Meanwhile, FDA-approved Level 1 surgical masks will flow out of a Warren “manufacturing facility” (the recently shuttered transmission plant?), with production starting next week, GM said. After a two-week ramp-up, the automaker expects production to hit 50,000 masks per day. That output could hit 100,000 per day, it added.

Meanwhile, Ford has plans of its own. Goaded into a response by Trump’s tirade, the automaker issued a statement:

As this is a rapidly evolving story, expect updates sooner rather than later. New York Governor Andrew Cuomo has pressed Trump to invoke the DPA.

[Image: General Motors]

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144 Comments on “Trump Edges Closer to Invoking Defense Production Act...”


  • avatar
    Arthur Dailey

    Demonstrating again why ‘free market’ capitalists of the Friedman variety are wrong.

    The Allies won WWII largely due to the manufacturing capacity of the USA.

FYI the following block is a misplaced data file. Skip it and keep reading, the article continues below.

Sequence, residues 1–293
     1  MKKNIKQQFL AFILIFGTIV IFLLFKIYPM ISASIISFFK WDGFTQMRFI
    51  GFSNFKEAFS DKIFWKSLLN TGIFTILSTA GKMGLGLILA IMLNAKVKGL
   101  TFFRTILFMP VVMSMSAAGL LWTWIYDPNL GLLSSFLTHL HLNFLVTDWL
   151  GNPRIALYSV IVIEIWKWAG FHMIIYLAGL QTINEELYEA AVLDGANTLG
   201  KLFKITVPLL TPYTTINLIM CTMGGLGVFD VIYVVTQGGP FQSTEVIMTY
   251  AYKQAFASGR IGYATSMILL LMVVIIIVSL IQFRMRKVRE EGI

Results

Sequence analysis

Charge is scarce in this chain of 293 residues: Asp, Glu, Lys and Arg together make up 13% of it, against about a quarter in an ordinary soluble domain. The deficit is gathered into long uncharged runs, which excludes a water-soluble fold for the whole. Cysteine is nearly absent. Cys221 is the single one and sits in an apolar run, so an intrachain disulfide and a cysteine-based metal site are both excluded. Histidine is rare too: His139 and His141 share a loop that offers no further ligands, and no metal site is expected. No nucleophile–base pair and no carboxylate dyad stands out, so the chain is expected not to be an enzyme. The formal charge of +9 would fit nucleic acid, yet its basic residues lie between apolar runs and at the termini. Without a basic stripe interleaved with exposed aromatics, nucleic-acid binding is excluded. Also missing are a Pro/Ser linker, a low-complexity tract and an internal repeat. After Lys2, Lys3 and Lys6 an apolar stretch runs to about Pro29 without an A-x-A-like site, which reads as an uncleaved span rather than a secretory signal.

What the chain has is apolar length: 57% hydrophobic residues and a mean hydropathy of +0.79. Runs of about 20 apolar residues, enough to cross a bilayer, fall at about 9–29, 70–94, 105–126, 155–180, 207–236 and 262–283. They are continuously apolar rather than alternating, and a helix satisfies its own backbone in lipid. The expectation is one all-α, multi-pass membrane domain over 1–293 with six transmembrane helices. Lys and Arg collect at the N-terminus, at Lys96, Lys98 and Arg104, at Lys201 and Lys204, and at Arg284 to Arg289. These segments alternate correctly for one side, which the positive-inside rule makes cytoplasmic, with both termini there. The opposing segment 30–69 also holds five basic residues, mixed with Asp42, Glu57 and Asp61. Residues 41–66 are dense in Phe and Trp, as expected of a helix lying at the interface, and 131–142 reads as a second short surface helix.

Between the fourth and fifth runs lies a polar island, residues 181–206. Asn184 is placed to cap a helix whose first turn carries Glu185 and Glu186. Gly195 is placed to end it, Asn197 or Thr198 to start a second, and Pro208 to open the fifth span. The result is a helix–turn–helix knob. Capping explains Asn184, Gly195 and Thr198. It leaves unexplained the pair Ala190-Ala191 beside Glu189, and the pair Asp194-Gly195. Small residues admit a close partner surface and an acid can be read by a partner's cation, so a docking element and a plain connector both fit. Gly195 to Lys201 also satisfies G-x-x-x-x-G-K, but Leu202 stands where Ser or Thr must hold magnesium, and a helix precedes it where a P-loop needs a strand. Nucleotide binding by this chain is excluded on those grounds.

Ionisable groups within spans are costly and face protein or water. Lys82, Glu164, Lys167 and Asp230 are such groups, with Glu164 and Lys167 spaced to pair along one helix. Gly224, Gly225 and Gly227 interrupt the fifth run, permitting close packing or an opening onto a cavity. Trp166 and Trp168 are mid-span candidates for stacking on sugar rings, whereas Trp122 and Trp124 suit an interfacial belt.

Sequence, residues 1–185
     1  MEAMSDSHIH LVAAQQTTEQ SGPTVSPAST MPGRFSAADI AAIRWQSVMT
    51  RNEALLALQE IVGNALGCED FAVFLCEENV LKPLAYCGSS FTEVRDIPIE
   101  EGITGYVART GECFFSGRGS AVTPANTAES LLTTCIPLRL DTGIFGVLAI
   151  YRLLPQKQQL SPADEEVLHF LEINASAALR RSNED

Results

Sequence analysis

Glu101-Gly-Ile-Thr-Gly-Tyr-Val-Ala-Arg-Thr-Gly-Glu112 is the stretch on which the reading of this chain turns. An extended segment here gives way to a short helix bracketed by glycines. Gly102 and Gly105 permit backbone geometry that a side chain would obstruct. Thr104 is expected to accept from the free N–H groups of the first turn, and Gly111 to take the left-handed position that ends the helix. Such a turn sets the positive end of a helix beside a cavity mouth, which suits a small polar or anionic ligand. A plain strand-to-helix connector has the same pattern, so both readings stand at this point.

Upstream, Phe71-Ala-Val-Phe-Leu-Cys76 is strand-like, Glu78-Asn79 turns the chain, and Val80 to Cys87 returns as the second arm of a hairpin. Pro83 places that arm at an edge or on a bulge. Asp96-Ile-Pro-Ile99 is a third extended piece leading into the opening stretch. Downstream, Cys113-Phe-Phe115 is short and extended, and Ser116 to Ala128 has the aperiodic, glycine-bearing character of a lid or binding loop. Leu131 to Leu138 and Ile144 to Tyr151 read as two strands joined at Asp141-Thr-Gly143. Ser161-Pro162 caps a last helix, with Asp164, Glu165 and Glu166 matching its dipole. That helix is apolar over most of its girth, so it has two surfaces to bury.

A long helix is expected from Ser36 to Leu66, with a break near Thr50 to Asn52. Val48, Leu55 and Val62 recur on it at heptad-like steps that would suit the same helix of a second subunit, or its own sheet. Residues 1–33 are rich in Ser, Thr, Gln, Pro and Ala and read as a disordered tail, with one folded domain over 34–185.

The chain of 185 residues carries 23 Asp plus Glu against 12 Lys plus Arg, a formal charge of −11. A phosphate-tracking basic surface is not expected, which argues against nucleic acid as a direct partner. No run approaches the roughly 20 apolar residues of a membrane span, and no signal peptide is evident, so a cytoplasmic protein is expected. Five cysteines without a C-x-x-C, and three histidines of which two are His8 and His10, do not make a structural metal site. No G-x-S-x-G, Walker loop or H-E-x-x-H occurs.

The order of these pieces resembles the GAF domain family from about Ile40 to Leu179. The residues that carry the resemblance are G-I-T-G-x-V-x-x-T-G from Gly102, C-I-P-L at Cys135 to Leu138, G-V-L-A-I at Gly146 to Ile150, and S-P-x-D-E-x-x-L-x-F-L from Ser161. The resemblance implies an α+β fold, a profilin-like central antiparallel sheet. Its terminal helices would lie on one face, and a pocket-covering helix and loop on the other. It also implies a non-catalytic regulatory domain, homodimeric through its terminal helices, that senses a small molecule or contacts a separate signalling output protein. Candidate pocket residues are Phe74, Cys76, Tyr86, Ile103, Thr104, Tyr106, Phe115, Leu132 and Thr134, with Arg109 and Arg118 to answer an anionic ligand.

Nations without manufacturing capabilities are at the mercy of their supply chains and the nations that they purchase from.

    We know that publicly traded multi-national corporations have no national loyalties. Their only loyalty is to their shareholders, and unfortunately to executive bonuses.

    1st world democracies should never have entered into ‘free trade’ agreements with dictatorships/autocracies/3rd world nations.

    Despite my personal feelings regarding him, Trump was right in trying to renegotiate/end these agreements and return manufacturing capacity.

    Hopefully we will learn from this recent crisis.

    • 0 avatar
      JimZ

      “The Allies won WWII largely due to the manufacturing capacity of the USA.”

      that, and Stalin being willing to throw as many bodies as needed to the Eastern Front.

      • 0 avatar
        Arthur Dailey

        @JimZ: I didn’t want to post that in a site primarily read by Americans. :-) There is already enough controversy.

        • 0 avatar